US President Barack Obama and Prime Minister Binyamin Netanyahu seemed on a collision course following Obama’s speech Thursday night where the president called for a return to the 1967 lines, with mutually agreed-upon land swaps.

Netanyahu’s position, which he highlighted in an unexpectedly negative response to the president’s speech, is that the 1967 lines are indefensible.

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Although Obama made an effort to give some points to Israel and some to the Palestinians, in the final analysis he essentially adopted the Palestinian position that the 1967 lines – and not defensible borders – should be the baseline of any agreement.

Obama also adopted the Palestinian position that was a point of sharp contention during the proximity, or indirect, talks last year: that the negotiations should start with borders and security. Israel’s position was that all the core issues, including Jerusalem and the refugee issue, should be discussed simultaneously so that the Palestinians, and not only Israel, will have to make concessions.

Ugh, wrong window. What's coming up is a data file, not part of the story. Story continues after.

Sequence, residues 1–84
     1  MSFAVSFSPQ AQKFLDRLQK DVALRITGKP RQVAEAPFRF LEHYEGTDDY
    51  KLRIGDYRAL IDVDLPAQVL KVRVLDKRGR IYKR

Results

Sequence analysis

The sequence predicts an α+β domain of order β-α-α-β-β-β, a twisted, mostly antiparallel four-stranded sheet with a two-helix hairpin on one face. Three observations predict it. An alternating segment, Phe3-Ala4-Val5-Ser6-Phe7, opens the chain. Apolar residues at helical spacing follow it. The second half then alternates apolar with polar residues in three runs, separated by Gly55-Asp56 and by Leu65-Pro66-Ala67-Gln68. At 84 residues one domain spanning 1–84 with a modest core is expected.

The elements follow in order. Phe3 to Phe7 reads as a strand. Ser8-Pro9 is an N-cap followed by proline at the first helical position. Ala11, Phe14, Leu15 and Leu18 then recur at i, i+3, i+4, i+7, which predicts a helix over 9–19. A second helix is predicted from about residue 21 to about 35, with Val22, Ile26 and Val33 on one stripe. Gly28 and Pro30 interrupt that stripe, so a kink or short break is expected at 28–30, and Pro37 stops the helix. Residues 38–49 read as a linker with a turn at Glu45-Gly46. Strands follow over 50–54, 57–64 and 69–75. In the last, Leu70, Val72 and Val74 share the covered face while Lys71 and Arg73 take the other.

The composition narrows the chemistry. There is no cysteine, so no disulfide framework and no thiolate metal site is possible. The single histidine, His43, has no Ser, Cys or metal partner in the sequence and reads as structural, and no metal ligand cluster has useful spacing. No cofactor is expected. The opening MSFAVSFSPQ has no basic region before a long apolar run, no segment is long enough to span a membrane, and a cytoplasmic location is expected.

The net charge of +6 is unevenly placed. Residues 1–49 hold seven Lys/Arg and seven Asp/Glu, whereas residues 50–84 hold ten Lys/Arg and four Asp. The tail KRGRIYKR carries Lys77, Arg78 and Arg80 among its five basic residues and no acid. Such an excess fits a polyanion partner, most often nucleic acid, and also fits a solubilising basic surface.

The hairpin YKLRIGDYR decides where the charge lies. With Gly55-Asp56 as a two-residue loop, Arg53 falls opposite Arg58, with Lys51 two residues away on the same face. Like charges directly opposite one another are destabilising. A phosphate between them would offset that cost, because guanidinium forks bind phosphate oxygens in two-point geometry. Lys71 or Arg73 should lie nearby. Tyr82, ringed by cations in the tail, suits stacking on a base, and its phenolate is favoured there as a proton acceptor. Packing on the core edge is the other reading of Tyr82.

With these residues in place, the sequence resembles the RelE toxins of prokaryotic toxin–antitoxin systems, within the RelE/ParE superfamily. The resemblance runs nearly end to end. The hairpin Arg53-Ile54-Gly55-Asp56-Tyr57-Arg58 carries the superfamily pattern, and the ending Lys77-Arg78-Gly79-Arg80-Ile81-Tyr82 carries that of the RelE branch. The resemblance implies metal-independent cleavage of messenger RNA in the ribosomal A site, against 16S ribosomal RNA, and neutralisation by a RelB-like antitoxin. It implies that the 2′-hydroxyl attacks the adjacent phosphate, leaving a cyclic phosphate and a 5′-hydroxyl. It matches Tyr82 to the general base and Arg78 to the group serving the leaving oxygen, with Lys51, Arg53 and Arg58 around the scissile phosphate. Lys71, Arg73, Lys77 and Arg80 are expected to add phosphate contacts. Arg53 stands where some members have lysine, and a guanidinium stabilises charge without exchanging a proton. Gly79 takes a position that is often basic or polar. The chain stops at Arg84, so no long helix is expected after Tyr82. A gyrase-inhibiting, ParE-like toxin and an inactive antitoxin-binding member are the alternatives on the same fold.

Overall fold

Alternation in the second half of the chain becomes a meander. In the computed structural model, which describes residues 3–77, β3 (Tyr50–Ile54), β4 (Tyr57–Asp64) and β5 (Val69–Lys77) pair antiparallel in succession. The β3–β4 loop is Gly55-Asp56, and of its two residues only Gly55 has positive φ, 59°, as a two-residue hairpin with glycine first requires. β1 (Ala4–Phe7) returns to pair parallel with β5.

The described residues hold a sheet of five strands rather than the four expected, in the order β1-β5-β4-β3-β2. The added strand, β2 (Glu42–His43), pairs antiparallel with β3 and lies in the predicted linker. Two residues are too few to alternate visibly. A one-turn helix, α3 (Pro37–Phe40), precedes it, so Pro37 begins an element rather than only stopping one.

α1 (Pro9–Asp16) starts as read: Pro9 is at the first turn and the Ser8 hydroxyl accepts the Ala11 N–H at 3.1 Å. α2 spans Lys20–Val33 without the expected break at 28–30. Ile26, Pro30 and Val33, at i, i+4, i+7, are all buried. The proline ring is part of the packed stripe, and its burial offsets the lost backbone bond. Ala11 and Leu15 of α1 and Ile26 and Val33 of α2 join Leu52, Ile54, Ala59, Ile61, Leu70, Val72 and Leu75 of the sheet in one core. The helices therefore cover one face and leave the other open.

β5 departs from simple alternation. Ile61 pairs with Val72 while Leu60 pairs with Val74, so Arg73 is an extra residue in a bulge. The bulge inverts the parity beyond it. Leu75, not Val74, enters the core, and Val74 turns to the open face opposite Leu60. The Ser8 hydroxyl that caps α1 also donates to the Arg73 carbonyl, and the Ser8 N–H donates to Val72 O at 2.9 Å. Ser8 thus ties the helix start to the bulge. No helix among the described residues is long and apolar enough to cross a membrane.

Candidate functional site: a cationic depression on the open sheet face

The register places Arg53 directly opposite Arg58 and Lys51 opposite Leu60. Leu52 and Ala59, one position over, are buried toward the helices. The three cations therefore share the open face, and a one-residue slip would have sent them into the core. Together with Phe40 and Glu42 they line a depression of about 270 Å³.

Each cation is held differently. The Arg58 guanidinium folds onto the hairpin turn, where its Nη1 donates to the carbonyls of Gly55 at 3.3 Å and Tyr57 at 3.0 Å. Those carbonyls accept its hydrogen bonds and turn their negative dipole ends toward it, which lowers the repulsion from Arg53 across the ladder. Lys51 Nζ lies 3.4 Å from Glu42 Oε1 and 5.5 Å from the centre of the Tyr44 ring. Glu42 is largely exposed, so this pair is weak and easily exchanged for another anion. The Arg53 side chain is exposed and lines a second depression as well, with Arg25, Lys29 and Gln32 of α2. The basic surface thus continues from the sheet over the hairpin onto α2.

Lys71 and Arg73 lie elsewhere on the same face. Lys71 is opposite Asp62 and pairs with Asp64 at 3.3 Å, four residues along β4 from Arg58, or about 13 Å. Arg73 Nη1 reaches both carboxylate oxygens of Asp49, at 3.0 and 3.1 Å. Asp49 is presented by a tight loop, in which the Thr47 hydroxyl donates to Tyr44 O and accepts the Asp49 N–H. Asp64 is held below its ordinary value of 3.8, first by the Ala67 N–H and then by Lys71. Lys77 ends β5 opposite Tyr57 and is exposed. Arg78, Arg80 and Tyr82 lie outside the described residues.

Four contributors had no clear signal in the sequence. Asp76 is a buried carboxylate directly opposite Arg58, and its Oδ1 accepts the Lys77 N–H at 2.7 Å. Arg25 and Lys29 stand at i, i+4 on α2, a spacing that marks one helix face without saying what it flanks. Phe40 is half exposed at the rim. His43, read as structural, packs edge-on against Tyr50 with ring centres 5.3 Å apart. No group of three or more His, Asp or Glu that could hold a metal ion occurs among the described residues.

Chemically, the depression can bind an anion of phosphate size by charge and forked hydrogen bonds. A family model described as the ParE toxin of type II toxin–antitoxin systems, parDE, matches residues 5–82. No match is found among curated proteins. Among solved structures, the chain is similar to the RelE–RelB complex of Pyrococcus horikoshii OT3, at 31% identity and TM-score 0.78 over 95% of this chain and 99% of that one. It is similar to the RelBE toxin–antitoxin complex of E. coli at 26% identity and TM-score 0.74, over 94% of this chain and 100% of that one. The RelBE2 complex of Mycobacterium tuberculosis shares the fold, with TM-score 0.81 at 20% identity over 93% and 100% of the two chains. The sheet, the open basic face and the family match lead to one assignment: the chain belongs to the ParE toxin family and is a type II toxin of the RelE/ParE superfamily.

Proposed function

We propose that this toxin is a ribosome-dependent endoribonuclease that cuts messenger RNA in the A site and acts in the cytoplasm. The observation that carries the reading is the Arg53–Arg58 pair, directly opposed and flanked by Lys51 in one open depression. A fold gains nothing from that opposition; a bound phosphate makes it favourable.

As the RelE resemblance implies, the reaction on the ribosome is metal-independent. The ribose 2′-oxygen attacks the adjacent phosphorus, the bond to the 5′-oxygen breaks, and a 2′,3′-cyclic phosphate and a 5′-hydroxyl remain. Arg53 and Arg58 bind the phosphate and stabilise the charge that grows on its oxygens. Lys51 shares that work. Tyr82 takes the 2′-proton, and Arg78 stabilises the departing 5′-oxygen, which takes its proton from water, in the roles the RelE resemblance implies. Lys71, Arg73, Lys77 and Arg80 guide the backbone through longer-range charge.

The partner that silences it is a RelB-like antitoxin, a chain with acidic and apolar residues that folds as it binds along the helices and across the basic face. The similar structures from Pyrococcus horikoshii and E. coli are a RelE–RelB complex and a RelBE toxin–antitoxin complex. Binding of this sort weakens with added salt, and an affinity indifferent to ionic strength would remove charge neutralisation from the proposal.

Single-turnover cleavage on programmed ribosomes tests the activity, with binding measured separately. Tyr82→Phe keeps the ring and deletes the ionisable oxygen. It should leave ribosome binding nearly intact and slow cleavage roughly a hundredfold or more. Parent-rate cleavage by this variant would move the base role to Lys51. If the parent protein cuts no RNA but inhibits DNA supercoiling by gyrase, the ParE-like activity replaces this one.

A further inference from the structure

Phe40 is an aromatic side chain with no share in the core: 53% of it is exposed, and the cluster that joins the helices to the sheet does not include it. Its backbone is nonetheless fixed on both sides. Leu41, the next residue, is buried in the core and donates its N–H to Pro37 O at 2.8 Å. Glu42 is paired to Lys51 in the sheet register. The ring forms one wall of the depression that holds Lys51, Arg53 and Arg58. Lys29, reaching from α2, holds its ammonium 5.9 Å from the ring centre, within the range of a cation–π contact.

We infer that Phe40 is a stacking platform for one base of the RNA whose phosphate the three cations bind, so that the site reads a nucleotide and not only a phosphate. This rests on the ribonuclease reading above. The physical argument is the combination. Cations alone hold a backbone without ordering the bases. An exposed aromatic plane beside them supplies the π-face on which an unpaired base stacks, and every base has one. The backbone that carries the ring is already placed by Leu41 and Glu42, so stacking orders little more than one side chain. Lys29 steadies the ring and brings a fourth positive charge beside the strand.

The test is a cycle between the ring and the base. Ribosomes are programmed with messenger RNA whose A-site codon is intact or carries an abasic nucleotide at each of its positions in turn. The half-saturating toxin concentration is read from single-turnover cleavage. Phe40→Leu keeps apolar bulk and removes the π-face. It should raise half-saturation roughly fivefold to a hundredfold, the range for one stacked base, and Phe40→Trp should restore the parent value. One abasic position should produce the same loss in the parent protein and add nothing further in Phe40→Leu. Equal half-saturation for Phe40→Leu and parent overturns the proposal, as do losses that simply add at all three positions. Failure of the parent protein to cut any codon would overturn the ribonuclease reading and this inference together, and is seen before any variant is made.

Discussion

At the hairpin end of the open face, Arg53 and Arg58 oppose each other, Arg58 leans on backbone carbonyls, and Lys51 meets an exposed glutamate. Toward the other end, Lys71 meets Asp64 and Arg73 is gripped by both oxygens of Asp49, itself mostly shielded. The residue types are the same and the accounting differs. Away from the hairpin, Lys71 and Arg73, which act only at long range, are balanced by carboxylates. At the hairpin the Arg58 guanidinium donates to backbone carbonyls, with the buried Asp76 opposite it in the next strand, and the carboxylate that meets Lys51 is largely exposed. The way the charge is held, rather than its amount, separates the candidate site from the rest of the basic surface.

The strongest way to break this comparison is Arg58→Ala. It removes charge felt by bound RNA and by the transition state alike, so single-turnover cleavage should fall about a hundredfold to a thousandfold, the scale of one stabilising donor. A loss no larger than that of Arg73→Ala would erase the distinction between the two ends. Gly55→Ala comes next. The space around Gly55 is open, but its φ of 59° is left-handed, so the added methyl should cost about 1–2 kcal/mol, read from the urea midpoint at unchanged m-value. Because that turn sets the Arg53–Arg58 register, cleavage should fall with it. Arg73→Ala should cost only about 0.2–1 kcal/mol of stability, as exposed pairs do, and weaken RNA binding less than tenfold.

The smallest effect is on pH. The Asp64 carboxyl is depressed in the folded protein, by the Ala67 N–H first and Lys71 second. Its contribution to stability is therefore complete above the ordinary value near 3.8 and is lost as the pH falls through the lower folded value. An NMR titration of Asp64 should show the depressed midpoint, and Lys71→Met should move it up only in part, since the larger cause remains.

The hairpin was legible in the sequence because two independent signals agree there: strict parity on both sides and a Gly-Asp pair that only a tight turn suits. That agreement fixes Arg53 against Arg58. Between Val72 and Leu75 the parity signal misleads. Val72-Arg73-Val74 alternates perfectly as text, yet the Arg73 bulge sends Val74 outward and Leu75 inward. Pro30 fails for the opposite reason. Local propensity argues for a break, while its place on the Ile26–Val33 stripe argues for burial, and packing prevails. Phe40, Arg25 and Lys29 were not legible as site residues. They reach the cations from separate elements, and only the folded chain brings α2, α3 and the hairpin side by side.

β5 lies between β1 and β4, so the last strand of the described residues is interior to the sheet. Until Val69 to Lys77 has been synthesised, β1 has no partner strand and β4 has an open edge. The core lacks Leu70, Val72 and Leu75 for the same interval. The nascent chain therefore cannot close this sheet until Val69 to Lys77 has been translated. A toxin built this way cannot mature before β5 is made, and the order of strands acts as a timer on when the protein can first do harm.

Obama also seemed to rule out a long-term Israeli presence in the Jordan Valley, as Netanyahu has demanded, saying the Palestinian state should border on Egypt, Israel and Jordan – meaning that the Palestinians, and not Israel, would control the border to the east.

The elements of the speech that were pleasant to Netanyahu’s ears were the US president’s call for a return to negotiations; his unequivocal dismissal of the Palestinian effort to isolate Israel at the UN in September by bringing a resolution calling for recognition of a Palestinian state; his questioning of the Fatah-Hamas reconciliation; and his strong words of commitment to Israel’s security.


But the tone of Netanyahu’s response to the overall speech made clear that he disliked it more than he liked it – and all this before his five-day trip to Washington began.

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